Savage makes a useful distinction here between highbrow and ‘emerging’ cultural capital: the latter has a much more valuable currency among younger, middle-class groups, and is therefore likely to become increasingly important over time. This emerging cultural capital is significantly more diverse, cosmopolitan and multicultural. It is self-consciously eclectic and egalitarian, albeit often ‘ironical’; and it is not so much about which cultural objects or practices you prefer as about how you use and talk about them, and the confidence with which you move between them. In the contemporary world, those with the most social power may be the ‘omnivores’ – those who can talk about global art cinema and reality TV, or high-end drama and pop videos, or rap and classical music, and do so in terms that may be drawn from academic theory.
This is not to say that social inequality has disappeared, but rather that it has become much more complex. The cultural capital that has the greatest currency or value no longer takes the form of an agreed set of cultural reference points that ‘educated’ people should share. Rather, it is a matter of dispositions and ways of talking that reflect a kind of self-assurance and ease – things which may in fact be much more difficult to acquire. By contrast, the neoconservatives seem to be referring back to an imagined world of cultural hierarchy and consensus, and offering an easy fantasy of social mobility.
What are the implications of this for schools? Firstly, it would suggest that insisting on a particular canon of approved cultural texts may be much more restricting than it is empowering. For example, as Barbara Bleiman argues, the neoconservatives face genuine difficulties in identifying which books should be compulsory on the English curriculum (at least aside from Shakespeare). Even in elite universities, the selection of literature that is studied is increasingly broad and diverse. The idea – which is apparent in the work of people like E.D. Hirsch – that we need a certain knowledge of the ancient classics (or even the Bible) before we can understand and study a wider range of literature is quite illusory, not least because such knowledge is potentially infinite.
Furthermore, we need to question the idea that this traditional, narrowly-defined form of cultural capital will somehow guarantee social mobility. What disadvantaged children sometimes lack is not so much a matter of ‘knowledge’ as one of confidence and disposition. This is something elite private schools do seem to provide: by separating children from their ‘social inferiors’, they provide them with a sense of their inalienable right to express their opinions, and to have adults marvel at their apparent sophistication. What they do less well is to equip young people to move through a range of social situations, and to find common ground and cultural reference points that can be shared with many different kinds of people.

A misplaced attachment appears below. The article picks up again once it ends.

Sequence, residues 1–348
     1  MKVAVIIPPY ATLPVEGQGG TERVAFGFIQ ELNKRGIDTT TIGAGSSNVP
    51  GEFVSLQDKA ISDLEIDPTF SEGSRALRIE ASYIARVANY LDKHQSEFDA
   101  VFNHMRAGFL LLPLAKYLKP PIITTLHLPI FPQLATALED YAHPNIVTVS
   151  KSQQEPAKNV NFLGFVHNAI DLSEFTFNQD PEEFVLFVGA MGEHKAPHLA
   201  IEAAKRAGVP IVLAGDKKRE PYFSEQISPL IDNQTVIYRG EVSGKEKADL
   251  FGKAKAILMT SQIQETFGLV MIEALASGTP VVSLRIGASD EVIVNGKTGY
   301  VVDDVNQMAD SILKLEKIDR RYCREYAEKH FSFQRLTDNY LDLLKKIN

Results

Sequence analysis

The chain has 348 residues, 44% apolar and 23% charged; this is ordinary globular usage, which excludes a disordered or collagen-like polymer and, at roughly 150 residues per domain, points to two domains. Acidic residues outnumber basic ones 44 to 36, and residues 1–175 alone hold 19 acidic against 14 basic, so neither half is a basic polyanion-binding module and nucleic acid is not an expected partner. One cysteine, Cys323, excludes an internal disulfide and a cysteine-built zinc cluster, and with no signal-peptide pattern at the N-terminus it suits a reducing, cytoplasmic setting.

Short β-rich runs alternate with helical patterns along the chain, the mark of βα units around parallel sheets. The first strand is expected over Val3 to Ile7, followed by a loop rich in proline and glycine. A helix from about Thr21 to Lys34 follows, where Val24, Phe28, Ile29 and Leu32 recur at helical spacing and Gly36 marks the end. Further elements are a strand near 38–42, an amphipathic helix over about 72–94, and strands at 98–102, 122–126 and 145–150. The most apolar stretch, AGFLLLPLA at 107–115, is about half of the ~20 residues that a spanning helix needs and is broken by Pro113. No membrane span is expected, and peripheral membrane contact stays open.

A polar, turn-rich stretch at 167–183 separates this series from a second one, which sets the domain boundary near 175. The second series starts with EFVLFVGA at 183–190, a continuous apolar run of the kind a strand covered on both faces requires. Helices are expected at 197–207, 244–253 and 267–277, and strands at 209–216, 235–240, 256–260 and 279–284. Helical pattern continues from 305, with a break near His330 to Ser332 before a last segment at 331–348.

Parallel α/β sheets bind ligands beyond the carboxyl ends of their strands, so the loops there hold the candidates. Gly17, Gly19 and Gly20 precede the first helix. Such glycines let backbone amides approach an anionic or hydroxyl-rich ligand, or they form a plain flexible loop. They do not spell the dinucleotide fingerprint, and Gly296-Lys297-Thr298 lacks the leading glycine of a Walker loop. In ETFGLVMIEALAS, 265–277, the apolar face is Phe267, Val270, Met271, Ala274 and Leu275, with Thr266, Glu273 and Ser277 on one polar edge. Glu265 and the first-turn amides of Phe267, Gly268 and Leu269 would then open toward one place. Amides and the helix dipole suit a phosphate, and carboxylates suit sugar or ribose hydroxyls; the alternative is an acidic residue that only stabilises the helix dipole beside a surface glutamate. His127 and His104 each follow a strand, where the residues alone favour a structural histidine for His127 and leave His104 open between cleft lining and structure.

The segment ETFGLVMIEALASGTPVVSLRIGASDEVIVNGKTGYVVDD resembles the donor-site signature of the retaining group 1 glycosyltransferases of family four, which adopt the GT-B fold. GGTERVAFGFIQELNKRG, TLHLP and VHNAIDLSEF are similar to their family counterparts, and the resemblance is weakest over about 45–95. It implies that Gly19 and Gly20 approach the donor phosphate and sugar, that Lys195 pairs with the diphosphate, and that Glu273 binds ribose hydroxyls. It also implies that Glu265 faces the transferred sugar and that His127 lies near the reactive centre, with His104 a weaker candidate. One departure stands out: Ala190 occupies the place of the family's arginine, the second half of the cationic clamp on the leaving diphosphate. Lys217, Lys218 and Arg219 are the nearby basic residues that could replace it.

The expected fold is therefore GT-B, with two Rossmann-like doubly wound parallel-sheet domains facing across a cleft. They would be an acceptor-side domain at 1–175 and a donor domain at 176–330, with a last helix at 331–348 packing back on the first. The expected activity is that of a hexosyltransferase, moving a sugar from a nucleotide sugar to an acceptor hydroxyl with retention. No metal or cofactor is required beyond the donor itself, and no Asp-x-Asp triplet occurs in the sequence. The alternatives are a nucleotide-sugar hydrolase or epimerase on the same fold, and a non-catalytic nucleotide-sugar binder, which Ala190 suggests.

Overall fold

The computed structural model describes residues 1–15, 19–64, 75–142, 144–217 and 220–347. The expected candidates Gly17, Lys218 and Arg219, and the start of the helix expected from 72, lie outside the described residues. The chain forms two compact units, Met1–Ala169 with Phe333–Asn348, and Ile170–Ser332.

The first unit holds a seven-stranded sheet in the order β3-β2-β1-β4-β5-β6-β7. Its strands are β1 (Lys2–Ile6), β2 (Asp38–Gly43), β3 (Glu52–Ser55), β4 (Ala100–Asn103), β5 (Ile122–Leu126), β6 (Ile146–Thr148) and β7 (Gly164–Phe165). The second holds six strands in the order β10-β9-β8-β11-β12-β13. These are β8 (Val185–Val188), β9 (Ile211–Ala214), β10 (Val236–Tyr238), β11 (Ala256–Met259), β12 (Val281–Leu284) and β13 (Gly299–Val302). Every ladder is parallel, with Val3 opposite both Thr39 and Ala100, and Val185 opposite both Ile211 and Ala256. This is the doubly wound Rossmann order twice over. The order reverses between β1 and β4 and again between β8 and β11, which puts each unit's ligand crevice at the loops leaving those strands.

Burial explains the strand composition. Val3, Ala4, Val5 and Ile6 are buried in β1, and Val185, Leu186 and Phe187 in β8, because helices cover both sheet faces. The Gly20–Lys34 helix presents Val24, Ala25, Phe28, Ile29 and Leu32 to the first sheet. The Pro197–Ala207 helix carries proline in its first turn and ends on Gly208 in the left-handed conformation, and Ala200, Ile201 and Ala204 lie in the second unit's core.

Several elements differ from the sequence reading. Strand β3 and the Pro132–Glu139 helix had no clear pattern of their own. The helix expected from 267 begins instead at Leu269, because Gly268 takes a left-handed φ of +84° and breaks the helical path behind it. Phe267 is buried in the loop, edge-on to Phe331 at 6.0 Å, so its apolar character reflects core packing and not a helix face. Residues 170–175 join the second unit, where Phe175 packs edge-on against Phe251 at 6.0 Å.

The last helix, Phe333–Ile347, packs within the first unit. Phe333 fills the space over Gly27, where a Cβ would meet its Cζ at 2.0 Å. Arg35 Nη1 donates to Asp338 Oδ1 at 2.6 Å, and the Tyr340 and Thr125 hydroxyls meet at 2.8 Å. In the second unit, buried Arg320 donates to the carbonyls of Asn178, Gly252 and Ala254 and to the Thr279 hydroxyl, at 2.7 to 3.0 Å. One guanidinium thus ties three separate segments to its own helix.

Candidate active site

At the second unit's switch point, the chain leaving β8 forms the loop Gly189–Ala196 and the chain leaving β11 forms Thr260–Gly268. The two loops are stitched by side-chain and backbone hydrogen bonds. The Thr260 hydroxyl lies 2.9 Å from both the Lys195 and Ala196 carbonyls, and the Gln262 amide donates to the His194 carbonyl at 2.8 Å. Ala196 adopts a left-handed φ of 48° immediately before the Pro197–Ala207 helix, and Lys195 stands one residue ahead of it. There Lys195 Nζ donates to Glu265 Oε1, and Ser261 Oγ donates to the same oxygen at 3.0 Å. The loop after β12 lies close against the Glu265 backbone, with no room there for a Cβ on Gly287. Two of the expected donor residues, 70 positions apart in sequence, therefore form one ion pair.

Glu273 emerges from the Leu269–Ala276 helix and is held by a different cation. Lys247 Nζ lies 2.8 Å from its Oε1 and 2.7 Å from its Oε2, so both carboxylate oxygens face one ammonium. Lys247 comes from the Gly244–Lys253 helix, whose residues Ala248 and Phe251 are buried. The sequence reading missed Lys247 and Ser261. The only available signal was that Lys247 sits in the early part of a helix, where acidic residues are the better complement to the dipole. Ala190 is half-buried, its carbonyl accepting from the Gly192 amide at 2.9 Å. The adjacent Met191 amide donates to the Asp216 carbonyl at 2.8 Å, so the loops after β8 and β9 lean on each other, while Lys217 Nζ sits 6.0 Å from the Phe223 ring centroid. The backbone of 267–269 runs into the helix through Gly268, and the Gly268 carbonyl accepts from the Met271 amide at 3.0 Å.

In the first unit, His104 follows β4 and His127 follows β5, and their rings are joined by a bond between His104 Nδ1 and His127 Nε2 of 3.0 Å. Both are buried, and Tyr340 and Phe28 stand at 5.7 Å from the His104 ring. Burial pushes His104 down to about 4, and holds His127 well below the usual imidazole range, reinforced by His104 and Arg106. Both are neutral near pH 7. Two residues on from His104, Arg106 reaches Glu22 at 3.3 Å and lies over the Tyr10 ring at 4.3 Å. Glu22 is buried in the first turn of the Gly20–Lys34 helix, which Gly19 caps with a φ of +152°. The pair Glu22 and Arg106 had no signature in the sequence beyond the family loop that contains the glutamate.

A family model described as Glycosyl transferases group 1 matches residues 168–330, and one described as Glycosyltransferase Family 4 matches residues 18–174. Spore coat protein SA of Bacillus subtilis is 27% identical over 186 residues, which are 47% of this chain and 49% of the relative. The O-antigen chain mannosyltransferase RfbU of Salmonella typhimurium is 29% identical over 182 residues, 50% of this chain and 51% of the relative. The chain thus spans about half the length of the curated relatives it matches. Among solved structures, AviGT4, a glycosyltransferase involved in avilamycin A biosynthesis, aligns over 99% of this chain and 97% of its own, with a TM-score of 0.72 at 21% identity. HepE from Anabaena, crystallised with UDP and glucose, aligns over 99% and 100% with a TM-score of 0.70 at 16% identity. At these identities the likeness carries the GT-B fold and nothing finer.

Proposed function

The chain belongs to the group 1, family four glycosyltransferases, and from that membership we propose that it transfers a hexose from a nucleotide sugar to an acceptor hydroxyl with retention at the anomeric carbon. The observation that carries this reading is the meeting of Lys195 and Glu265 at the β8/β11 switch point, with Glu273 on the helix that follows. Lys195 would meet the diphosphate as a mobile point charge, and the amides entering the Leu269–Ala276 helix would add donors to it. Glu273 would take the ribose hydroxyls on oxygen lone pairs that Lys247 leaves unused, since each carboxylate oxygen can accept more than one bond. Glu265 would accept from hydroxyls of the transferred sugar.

Even elite universities may increasingly be coming to recognise this. As Bleiman points out, when selecting and interviewing potential students, such universities are no longer so interested in their ability to display ‘highbrow’ cultural knowledge: they are increasingly looking for the kind of flexible, ‘emerging’ cultural capital Savage describes. If ‘success in life’ and social mobility is the aim, schools should surely be producing omnivores, rather than snobs.
In some ways, Media Studies might be regarded as a useful means of cultivating these newer, ‘emerging’ forms of cultural capital. It might help to develop this ability to move confidently and fluently (and perhaps ‘ironically’) across a very broad cultural terrain, without being hidebound by irrelevant or outdated distinctions, for example between high culture and popular culture. This kind of cultural capital is very valuable, not only for those who seek to work in the creative and cultural industries, but potentially in other areas as well.
However, there is a danger here of producing ‘cultural smartarses’ – by which I mean people whose tastes are self-consciously eclectic, and who are fluent in a kind of ironic, postmodern ‘theory-speak’. I do see some of this in myself, and in my colleagues and students. Learning to talk posh about popular culture is not the primary aim of media education. We need to do more than simply create the next generation of hipsters.
My aim here has not been to reject the idea of cultural capital. On the contrary, I am suggesting that we should have a more sophisticated and well-informed debate about it. We need to understand how cultural capital relates to other kinds of capital, how it functions in the modern world, and how its currency may be changing. In this respect, it will be interesting to see how Ofsted actually applies the idea in its inspections of schools, once these resume.